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y' = u' e^u = e^x * e^(e^x)
can u go through the steps? i dont get it.
The formula: y' = u' e^u
u = e^ --> u' = ??
Then just plug it into the formula :)
i dont get it..
mind going thru the steps?
In differentiating a function that contains another function (or a series of functions for some), you apply the chain rule. Actually, you perform the chain rule when you differentiate and differentiate the different layers of functions until you reach a point when you are differentiating the most basic function x and you just get 1. To get the y' of e^e^x, we should note that the first layer is e^x where x here is e^x. The deriv of e^x = e^x, so the deriv of the first layer is e^x, but since x here is e^x, we make it e^(e^x). Now for the second layer, it's just e^x where x here is still x. So the deriv of the second layer is e^x where x is x. Now for the third layer, the function is just x, and its deriv is just 1. This is where we stop. Deriv of first layer: e^(e^x) Deriv of second layer: e^x Derive of third layer: 1 (stopped here) Then we just multiply everything, as this is what the chain rule states. So the derivative of the e^(e^x) = (e^(e^x))(e^x)(1) or simply (e^(e^x))(e^x).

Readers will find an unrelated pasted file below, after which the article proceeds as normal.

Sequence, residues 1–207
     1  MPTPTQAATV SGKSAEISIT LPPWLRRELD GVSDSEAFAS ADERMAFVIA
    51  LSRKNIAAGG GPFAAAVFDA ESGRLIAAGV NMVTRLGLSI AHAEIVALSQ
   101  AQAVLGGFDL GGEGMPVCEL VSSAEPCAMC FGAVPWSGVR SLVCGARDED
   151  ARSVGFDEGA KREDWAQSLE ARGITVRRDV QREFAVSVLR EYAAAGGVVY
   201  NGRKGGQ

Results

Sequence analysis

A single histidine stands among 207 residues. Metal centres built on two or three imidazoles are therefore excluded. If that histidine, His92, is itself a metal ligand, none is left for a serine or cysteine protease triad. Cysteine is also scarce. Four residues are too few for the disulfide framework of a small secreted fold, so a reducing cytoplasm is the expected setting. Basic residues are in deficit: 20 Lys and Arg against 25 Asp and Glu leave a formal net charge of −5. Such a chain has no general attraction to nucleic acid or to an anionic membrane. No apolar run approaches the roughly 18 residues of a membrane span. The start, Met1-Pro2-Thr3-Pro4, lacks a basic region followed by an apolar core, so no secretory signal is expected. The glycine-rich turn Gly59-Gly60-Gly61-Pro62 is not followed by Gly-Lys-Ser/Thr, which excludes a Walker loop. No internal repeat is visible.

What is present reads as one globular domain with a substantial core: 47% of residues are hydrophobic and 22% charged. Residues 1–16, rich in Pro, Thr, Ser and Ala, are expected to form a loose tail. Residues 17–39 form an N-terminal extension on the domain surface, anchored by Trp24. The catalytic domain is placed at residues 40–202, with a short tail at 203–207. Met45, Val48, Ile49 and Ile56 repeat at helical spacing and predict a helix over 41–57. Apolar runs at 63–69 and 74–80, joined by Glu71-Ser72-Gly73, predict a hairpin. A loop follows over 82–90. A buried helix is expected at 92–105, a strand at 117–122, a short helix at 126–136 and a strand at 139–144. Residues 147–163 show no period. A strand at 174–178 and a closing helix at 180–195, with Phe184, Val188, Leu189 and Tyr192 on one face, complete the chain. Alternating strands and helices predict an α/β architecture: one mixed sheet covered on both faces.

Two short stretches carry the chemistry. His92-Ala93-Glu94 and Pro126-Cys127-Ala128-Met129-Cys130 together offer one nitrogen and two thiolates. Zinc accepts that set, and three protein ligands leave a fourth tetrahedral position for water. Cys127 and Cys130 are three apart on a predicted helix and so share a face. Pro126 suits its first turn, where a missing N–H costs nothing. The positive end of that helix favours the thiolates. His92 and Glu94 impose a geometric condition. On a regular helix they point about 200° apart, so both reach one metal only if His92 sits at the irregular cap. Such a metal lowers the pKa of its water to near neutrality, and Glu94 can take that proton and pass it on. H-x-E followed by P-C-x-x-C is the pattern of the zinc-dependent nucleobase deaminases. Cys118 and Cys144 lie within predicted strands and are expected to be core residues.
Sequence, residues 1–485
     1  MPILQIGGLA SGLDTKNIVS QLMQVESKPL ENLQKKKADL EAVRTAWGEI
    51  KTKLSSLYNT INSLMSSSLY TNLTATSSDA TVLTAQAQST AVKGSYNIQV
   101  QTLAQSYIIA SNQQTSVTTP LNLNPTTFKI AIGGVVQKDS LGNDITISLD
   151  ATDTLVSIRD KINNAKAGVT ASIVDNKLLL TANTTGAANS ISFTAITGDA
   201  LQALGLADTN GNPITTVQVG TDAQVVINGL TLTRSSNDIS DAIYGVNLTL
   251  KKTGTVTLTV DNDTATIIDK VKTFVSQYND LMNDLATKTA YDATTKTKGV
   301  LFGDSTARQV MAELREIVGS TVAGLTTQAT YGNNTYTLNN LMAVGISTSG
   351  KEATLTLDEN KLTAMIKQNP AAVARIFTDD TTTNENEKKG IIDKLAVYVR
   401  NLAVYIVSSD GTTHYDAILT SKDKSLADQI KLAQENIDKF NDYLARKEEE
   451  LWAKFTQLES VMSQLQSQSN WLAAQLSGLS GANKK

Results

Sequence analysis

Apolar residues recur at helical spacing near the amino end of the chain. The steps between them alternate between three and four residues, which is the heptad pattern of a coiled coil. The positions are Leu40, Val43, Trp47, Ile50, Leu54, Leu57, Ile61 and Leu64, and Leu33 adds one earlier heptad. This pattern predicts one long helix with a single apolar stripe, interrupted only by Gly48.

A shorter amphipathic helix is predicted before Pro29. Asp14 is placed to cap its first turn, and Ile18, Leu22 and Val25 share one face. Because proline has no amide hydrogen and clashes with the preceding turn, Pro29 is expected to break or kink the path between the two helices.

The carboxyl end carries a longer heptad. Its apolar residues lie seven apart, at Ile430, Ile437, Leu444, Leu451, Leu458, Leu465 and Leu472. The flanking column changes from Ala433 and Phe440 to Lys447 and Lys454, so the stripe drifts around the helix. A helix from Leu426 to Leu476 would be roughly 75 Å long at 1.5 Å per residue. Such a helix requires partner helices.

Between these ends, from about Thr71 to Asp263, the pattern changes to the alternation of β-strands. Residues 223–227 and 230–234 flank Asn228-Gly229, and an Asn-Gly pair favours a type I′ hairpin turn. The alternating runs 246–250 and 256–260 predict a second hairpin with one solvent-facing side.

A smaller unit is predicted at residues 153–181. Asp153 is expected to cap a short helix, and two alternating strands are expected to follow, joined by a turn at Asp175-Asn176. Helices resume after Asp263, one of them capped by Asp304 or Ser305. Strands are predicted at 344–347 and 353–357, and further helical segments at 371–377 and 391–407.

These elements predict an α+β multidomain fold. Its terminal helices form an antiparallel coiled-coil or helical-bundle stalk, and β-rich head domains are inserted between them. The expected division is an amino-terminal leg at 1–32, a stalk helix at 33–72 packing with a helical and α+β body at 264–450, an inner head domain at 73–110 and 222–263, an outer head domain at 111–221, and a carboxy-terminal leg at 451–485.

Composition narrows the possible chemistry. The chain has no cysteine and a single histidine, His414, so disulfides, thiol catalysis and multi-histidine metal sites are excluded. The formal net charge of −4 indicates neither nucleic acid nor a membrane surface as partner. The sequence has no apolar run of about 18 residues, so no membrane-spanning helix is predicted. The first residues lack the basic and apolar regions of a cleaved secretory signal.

where did u get the second layer as e^x as?
Because usually it is just e^x, right? That's the most basic form of that function. In this case, however, e was raised to another e^x, which is another function in itself. That's the second layer.
then what is the first layer?
The first layer is e^(e^x) as a whole. The second layer is the e^x inside the first layer (the power).
Is it clear already? :)